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Ringgit slump due to external factors, economists say

But there is also a silver lining to the drop in ringgit value, they add.

Azzman Abdul Jamal
3 minute read
Customers queue to pay at the checkout counter of a supermarket in Taman Kuchai, Kuala Lumpur.
Customers queue to pay at the checkout counter of a supermarket in Taman Kuchai, Kuala Lumpur.

The recent drop in ringgit value against the US dollar is mostly due to external factors such as the threat of an interest rate hike by the US Federal Reserve, and not necessarily because Malaysia has weak economic fundamentals, economists say.

Ahmed Razman Abdul Latiff said the situation had affected the performance of other currencies as well, not just the ringgit.

Razman, of the Putra Business School, said the market had previously expected an interest rate hike by the Fed to 1.75% due to inflation in the US which was at 8.3% – the highest in the last 40 years.

“When there is speculation of a significant increase in US interest rates, the US dollar will strengthen against other currencies, including the ringgit,” he told MalaysiaNow.

Amanda Yeo of think tank Emir Research meanwhile said that the ringgit performance had also been hit by inflation in larger economies such as the US and China.

Given Malaysia’s over-reliance on food imports, she said, the country was now facing a situation marked by a drastic increase in the price of food and goods.

In 2020, Malaysia imported RM55.5 billion in food products compared to its exports of RM33.8 billion, leaving it with a deficit of RM21.7 billion.

“Such a large outflow continues to put pressure on the local currency,” Yeo said.

“If the inflation rate continues to rise, Malaysians are likely to cut down their spending. This could contribute to a lower GDP growth, thus also affecting the ringgit value.”

But Razman said the ringgit depreciation could also benefit the country as it could contribute to increased exports and the recovery of foreign direct investments.

Judging by the trade balance, Malaysia’s positive current account and the decline in unemployment rate, he said there was no reason to expect an economic recession.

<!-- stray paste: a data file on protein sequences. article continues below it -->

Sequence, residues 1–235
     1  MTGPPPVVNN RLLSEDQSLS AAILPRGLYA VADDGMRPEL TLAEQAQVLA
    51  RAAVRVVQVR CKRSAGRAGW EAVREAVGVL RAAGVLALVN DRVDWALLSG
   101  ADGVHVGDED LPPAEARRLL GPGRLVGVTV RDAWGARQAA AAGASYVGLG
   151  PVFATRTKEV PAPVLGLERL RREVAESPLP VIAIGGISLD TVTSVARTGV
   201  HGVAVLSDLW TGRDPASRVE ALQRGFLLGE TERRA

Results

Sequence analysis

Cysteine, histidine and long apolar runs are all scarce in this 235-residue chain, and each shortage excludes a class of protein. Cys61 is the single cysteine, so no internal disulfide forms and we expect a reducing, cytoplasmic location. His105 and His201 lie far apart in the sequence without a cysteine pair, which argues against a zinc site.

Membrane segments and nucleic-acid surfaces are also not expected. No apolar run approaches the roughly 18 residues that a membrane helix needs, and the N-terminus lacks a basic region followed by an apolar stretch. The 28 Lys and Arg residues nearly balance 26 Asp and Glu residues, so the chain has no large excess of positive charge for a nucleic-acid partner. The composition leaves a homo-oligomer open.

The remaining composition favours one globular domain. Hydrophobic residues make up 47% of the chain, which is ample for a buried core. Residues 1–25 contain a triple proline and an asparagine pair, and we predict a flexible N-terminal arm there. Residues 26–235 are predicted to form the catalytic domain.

“In fact, since the Fed has already announced an interest rate hike of between 1.50% and 1.75%, all uncertainties have been laid to rest,” he said.

“I do not see the ringgit continuing to weaken.”

According to Yeo, meanwhile, the weaker ringgit would spur the arrival of foreign tourists which in turn would contribute to growth in the tourism, hotel and airline sectors.

“For example, the drop in ringgit value compared to the Singapore dollar will attract visitors from Singapore, which would provide a boost to the local economy,” she said.

She added however that if revenue from foreign tourist arrivals was less than the total expenditure among Malaysians, more time would be needed for economic recovery.

Razman, on the other hand, said Malaysia’s economic performance also depended on the perceptions of industry players and investors.

He said proof of this could be seen in Malaysia’s drop from 25th place to 32nd in the 2022 World Competitiveness Ranking by the International Institute for Management Development. He said the country had been embroiled in a political crisis which affected investor confidence.

“Economic recovery doesn’t just depend on the movement of goods and services,” he said. “It also depends on perception.

“Malaysia might not actually be facing any issues, but if investors believe we are, they will pull up stakes and move elsewhere.”

Yeo agreed that the country’s political situation had a strong effect on investor confidence.

If Malaysia continued with its frequent changes at the top, she added, it could jeopardise economic recovery.

“If Malaysia gets a stable government again after the 15th general election, investor confidence will return,” she said.

“And once we succeed in reviving our FDIs, it will boost the country’s economic growth as well as demand for the ringgit.”